ML - Vegas Magazine

2013 - Issue 5 - September

Vegas Magazine - Niche Media - There is a place beyond the crowds, beyond the ropes, where dreams are realized and success is celebrated. You are invited.

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Page 124 of 163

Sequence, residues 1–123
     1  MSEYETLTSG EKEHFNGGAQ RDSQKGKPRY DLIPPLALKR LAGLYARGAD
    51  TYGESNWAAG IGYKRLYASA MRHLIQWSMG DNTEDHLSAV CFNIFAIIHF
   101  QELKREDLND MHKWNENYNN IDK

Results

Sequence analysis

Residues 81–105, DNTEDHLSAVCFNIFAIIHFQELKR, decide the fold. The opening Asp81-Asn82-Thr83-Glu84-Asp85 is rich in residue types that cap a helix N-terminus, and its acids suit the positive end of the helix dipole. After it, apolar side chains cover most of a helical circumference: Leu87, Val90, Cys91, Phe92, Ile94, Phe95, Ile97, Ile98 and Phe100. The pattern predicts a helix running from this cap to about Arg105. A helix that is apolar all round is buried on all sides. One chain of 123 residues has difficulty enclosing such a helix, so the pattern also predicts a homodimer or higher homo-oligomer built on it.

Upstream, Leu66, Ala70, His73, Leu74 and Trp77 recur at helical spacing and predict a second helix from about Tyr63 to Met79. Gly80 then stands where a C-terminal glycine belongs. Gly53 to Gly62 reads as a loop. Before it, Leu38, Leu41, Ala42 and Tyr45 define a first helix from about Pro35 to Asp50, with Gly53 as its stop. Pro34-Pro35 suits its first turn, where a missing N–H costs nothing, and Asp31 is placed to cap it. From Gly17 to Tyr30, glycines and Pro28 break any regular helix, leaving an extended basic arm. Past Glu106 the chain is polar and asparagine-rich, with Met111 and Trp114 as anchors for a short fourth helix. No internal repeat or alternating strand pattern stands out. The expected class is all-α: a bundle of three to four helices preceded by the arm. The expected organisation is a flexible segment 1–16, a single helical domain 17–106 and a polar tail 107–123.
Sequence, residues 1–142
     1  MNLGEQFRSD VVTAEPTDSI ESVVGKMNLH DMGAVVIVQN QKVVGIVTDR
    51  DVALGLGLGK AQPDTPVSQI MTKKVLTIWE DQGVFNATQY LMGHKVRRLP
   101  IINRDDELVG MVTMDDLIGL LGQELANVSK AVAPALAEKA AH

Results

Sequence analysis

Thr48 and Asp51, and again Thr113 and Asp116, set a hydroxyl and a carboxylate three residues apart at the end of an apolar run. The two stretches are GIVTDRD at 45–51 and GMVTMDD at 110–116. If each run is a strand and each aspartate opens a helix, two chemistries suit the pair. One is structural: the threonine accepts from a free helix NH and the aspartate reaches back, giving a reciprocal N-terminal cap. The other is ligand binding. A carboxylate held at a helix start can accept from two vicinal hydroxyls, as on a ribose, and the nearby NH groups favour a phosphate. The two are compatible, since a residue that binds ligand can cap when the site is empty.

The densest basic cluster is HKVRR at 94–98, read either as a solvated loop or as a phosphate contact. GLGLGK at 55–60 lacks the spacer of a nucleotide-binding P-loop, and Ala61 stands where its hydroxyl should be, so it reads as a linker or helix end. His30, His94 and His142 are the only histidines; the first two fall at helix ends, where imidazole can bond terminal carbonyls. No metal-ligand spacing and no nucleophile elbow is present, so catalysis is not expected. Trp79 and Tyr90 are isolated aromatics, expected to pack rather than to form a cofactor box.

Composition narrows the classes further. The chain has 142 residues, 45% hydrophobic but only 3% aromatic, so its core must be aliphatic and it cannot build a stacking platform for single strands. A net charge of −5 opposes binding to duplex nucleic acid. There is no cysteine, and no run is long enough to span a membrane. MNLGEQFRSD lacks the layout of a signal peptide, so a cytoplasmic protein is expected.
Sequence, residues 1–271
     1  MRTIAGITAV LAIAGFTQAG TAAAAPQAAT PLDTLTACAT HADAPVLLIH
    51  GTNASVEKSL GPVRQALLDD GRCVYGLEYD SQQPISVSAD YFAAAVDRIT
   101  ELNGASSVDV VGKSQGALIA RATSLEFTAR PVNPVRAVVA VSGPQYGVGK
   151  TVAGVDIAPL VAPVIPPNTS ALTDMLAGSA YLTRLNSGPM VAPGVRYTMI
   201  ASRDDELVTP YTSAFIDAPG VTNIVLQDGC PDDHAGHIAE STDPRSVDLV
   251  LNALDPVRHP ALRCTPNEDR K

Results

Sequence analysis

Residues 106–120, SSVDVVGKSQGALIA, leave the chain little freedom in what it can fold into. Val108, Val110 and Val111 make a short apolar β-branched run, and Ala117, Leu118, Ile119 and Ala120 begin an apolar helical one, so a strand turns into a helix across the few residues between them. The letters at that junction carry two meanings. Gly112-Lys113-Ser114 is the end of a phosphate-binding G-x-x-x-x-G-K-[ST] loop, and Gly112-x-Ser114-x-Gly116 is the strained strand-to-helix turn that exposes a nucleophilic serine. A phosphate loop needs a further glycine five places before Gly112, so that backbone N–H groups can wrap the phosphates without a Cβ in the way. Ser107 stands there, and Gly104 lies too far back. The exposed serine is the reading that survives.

I f there's one person who truly understands a 24-hour-a-day, seven-day-a-week town like Las Vegas, it's Cat Deeley, a woman who barely has time in her schedule to sleep. Between juggling her job as the beloved host of So You Think You Can Dance, serving as a UNICEF ambassador, and finding time to see her new husband, who's based in London, this star could use a holiday. But not today. Today she has to get all her errands done before welcoming her hubby back to town, after which she'll hop on a party bus with a bunch of girlfriends to head to the Beyoncé concert. So, in addition to her Chanel clutch, she's lugging a bunch of eco-friendly sacks for a supermarket run and a garment bag containing a gorgeous Etro dress she found at the outlets in Palm Springs to wear on SYTYCD, so she can stop and pick up jewelry to match. (Naturally, she's her own stylist on the show as well.) Multitasking is the new black for many television personalities, and Deeley handles it with the patience of a Zen master and a cheery-cumlaid-back demeanor. But it's nothing novel for the 36-year-old native of Birmingham, England, who began her career as a model and spent almost a decade as a TV personality on the British variety show CD:UK. "When I was younger, I did a three-hour live show every single week, which was comedy sketches and competitions— and the third hour turned into a music show," she says. "So I'd have bands on, do interviews, and bring 300 kids into the audience. I did that 52 weeks a year for eight years." But there's busy and there's "filming SYTYCD in Vegas" busy, which takes it to a whole different level. For the past nine years, Deeley has traveled to Las Vegas—from Los Angeles or New York or London—for the show's most grueling week. For the contestants, it's one of the most nail-biting parts of their tenure on the series, as the group is whittled down to the final 20, who go on to Hollywood to compete for the title. They have little time to blow off steam—in fact, for some it's the steam that keeps them going, hoofing it from sunrise to sunset. Sometimes even sunrise to sunrise. SYTYCD's Vegas week is so important that the show's permanent judges—Nigel Lythgoe and Mary Murphy—expanded the panel this season with a rotating cast of celebrity guests, who relish handing out dance's equivalent of Willy Wonka's Golden Ticket almost as much as the dancers love being chosen to move on to the next round. "When the kids win a ticket to Vegas, it feels right," Deeley says. "It doesn't feel like, Here's a ticket to Pittsburgh. It's taking people from all over America who maybe have never been to Vegas and making it all part of the experience. The entertainers who perform in the city are world-class, and it brings a level of gravitas to the show, and also to the kids who've made it that far." But the 24-hour-a-day work is not only for the performers; it's equally grueling for the SYTYCD judges and host. So you can imagine what it's like when these big personalities get a rare night off. During the current season's Vegas week, Deeley took everyone to the Prince concert. "I love everything about him," she says. "So I found out he was at the Rio. I got a big table for everybody. We had the best time! Everybody got up on the tables and then onto the stage and danced with him." While fellow reality-competition hosts Carson Daly and Ryan Seacrest may have cornered the market on boyish charm, Deeley is the only hostess out there whom the audience similarly adores. Mention Cat Deeley to most anyone—your best friend, your neighbor, even your super-cranky grandfather who doesn't even watch TV—and he or she will immediately break into a grin. "I love her!" they'll say, before launching into the story of how Deeley once bent down to fix a SYTYCD contestant's shoe after a particularly rigorous dance routine, then immediately popped up and resumed the interview, and did it with grace, humor, and style. "I don't really take myself too seriously, because I can't," Deeley says. "I'm never going to be that sophisticated woman who's so put together that her bra and knickers always match. I've reached the grand old age of 36, and I'm fully embracing the fact that I'm not perfect, I'm a bit klutzy, my nose bends one way, and I don't have any boobs. I'm quite fun to hang out with and to go and have cocktails with—and I think perfection is really boring, actually." Deeley's relatability isn't calculated. She has a self-deprecating charm that comes across as authentic only in someone who genuinely isn't afraid to embarrass herself. "So many women on American TV look the same and have a similar style, but I do my own thing," she says. "I bamboozled people for a little while," she adds, laughing. But it worked. "Now I've kind of grown on them. I know what it takes to listen properly to people, which means quite often before the show, I'll really practice things so I'm not thinking about, Are they in the right spot? What's my next camera? I worked all that out so I can just listen to people and talk to them." "WHEN THE KIDS [ON SYTYCD] WIN A TICKET TO VEGAS, IT FEELS RIGHT." —CAT DEELEY VEGASMAGAZINE.COM 115 112-117_V_FEAT_CoverStory_Sept13.indd 115 8/6/13 4:11 PM

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